What are you going to write?
This is probably the biggest question (and the biggest hurdle) for a professional freelance writer initially. When you’re an amateur, it doesn’t matter what you write. You write whenever you feel the urge, and you write whatever strikes your fancy. It’s all about you, love.
If you’re in business as a writer, you can’t afford to be self-indulgent. You have a job to do, and an audience to keep in mind. Additionally, you’re not going to be able to write anything and everything equally well. Specialization is necessary if you want to be good at what you do, and have people hire you and pay you money to write.
This part of the business plan can be compared to the executive summary of a business plan for a standard business. You are the executive. How are you going to present yourself to your market?
Begin by listing your background. What kinds of writing have you done? What kind of education do you have that would contribute to your writing skills? Don’t leave anything out at this point. Include the short story that won you movie tickets in the tenth grade. The short play that’s gathering dust in a drawer should be on there too. List your straight A’s in high school English classes, and how they raved over your deep and profound understanding of Romeo and Juliet. You’re taking inventory now of what you’ve actually accomplished. Make it a page or two, but no longer. You’re going into the business of writing, so practice selling yourself to yourself.
While you’re doing this, think about what you’ve done, and what particular style of writing you feel drawn to the most. You may feel yourself being tugged in one direction or another. Follow that tug when you’re deciding about what to specialize in. You can always change your mind later, but pick something now.
What kind of writing business most appeals to you?
Nonfiction historical research?
There’s many more areas available than this, and freelance writers can make a living doing any of these. Maybe a lot of these specialties are appealing to you, but each has a different set of business rules and guidelines for submission, different skills that are required, and different pitfalls to watch out for.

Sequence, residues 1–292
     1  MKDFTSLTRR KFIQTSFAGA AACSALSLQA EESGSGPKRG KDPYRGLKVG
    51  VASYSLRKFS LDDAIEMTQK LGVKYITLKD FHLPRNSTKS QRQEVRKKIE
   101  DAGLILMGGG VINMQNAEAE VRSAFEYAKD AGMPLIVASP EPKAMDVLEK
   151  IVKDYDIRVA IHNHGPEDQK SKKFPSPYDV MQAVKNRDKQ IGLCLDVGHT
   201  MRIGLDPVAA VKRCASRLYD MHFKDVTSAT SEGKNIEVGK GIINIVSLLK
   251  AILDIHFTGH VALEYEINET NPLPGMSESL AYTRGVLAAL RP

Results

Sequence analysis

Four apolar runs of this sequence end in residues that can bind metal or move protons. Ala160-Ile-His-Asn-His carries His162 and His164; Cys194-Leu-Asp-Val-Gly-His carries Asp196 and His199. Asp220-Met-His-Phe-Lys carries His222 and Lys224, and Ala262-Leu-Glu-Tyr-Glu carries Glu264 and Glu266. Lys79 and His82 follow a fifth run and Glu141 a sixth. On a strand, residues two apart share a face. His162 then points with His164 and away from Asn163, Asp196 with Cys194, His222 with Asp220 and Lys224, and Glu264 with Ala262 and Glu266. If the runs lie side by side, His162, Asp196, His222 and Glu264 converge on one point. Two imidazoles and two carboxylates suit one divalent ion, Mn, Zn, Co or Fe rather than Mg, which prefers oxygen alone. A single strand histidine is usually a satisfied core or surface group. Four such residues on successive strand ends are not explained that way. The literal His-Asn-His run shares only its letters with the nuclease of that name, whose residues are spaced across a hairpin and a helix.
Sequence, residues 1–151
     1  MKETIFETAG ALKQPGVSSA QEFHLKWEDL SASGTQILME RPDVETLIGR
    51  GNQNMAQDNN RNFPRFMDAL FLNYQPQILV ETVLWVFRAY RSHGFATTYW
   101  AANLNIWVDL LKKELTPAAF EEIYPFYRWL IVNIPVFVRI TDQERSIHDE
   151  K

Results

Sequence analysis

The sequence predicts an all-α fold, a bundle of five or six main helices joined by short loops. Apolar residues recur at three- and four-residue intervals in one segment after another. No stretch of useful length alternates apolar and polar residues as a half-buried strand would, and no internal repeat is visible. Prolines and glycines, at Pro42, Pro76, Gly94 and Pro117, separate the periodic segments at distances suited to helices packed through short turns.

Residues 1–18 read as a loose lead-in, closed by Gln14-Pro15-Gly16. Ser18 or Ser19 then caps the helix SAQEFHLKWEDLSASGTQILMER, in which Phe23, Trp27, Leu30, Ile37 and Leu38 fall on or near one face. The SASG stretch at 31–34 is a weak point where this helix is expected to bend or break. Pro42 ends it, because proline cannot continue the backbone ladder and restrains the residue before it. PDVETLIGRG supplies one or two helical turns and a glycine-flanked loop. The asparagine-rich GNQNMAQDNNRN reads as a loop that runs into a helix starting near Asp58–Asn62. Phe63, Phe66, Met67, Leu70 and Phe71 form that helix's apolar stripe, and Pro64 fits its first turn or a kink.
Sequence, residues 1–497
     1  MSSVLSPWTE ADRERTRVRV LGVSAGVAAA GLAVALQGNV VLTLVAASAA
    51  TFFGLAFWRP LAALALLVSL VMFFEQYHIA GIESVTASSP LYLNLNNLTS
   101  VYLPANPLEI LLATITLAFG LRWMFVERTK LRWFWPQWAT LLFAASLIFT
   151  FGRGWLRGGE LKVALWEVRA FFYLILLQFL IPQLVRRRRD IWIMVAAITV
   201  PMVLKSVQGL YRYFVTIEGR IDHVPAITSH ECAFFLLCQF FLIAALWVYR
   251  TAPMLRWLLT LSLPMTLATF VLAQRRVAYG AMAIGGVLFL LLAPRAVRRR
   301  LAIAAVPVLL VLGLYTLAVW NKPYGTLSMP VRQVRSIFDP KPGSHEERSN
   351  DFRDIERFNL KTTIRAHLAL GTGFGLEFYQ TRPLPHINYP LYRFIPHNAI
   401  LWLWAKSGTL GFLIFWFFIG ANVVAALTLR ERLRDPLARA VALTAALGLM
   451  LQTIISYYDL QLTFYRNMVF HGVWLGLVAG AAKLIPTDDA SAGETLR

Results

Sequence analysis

An amateur will dip his or her toe happily into each area as they choose. If you’re going to be good at and make money at freelance writing, sooner or later you’ll have to discipline yourself and specialize down to two or three kinds of writing at the most. Was Neil Simon famous for novels? Was Stephen King or John Grisham the world’s best newsletter writers? Hopefully you get the point. Each of them specialized, and they became the best at the particular kind of writing they did.
Choose one area to begin with, and make a plan to follow it out for a certain period of time. You could plan to write and market novels for one year, or plays for two years. You can’t see the future, of course. More business research will be required to find your niche. You may find that when you thought you loved blogging, what you really loved was educational self-help writing for magazines.
You’re not stuck forever, so don’t take too long to decide. At some point, you’ll have to stop and evaluate how you feel about what you’re doing, and how it’s working for you. Until then, promise yourself you’ll do everything you can to be successful, and you’ll give it all you’ve got. Give your new business a great part-time push if part-time is all you can spare.
The Power of Momentum
Put the power of concentrated effort in your corner, and your freelance writing will start to build momentum. One 2,000-word article a week is fifty-two articles in one year. One blog a day becomes 365 blog entries in one year. Five pages of screenplay per day become approximately fifteen full-length screenplays written in a single year. Five pages of novel a day becomes a massive 1,800 page tome (or several smaller books). Talk about impressive!
Don’t try to do a little blogging and a little bit of novel and a little bit of newspaper stories. You’ll have a lot of freelance work done at the end of one year, but no one will be impressed. Pick one area and stick to it, and your momentum will build. Your reputation will grow, and your asking price along with it.
Don’t worry that you’ll never be able to write poetry if you choose technical writing as a vocation. There will always be the odd poem or two that will strike. You can write it down in your spare time, but the lion’s share of your writing must be in technical manuals if you want to succeed as a freelance technical writer.
In the next section, we’ll discuss the green stuff and how to plan regarding your future financial needs and wants as a writer and business owner.